. It all boiled down to the outcome of the last hand. Tell us what happened.
A On the final hand Anthony had only one desperate option and that was to double down on a hard 17. He needed to pull a four to take second place and send me home. (Rick Jensen already had first place locked up.) The dealer gave Anthony an astonishing three for a 20, but then the dealer also ended up with 20, and Anthony pushed. That push was a heartbreaker for Anthony because I got second place and moved on to the finals.
Q Can you describe the exciting final hand in the championship round?
A There were four players – me, Rick Jensen, Kami Lis and the well-known blackjack authority Stanford Wong
– playing for the $250,000 first-place prize. The finals consisted of 28 hands, but the final outcome wasn’t decided until the last hand. I had bet the maximum amount - $50,000 - and was dealt an ace-8.
Kami had a hard 14 and the dealer showed a five.
The only real shot I had to win was to double down and hope that if Kami doubled as well, she would bust. Surprisingly, Kami decided to stand, and all that had to happen for me to win was for the dealer to have a big card in the hole and then draw another big card and bust.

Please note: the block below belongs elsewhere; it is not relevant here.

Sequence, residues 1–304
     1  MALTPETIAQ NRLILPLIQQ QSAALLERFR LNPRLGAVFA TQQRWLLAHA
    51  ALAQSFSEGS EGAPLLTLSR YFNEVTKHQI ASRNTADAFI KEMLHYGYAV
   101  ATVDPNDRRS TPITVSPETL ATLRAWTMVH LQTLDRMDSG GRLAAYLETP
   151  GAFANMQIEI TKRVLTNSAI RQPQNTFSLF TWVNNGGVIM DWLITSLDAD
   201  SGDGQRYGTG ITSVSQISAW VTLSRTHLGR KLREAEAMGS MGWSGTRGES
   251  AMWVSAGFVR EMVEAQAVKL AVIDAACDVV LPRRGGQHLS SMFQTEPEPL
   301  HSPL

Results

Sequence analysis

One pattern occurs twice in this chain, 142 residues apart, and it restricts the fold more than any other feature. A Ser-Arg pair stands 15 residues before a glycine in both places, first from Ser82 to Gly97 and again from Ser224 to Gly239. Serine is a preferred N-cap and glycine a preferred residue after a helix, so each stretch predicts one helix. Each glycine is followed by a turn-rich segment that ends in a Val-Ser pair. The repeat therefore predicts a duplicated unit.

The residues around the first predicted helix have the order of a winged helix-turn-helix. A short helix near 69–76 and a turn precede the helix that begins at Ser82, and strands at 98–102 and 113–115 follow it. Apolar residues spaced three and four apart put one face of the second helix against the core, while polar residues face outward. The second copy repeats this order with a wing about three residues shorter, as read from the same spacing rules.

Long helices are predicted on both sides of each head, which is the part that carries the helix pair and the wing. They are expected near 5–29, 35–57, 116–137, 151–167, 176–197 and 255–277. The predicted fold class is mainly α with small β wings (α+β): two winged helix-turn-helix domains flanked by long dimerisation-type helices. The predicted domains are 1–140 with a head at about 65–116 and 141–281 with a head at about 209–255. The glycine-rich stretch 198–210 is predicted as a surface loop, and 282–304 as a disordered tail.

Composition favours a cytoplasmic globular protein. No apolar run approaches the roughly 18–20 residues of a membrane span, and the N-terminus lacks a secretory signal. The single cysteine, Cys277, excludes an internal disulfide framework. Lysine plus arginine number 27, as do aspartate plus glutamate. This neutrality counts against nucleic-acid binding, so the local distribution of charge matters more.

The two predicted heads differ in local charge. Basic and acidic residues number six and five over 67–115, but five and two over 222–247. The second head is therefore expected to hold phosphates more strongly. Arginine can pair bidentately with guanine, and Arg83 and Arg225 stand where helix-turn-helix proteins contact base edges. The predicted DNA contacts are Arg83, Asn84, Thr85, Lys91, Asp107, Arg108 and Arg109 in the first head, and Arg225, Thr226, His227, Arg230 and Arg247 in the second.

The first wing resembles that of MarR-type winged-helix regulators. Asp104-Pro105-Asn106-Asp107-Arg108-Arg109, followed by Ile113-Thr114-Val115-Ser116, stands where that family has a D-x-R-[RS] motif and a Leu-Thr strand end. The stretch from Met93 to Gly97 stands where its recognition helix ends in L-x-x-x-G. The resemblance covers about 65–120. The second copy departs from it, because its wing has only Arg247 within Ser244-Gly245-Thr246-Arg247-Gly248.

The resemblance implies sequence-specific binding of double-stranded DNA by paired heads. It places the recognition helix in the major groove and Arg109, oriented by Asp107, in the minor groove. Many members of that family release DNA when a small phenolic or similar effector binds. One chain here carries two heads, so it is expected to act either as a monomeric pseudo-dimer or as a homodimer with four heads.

The dealer flipped over a nine for 14. So far, so good. I stood up as she took her third card from the shoe, slowly dragged it across the felt – which seemed like forever – then flipped it over. It was a big, beautiful 10. She busted and I became the WSOB Champion for $9,000. Wow, what an unbelievable ending.
Q What went through your head when you realized you had won the last hand and the championship?
A The feeling I had winning the last hand of the World Series of Blackjack was the most unbelievable feeling that anyone can experience. I went numb and was looking for my wife in the audience. Playing against such great players, and also some friends, was fantastic. Knowing I am the WSOB Champion is an awesome feeling.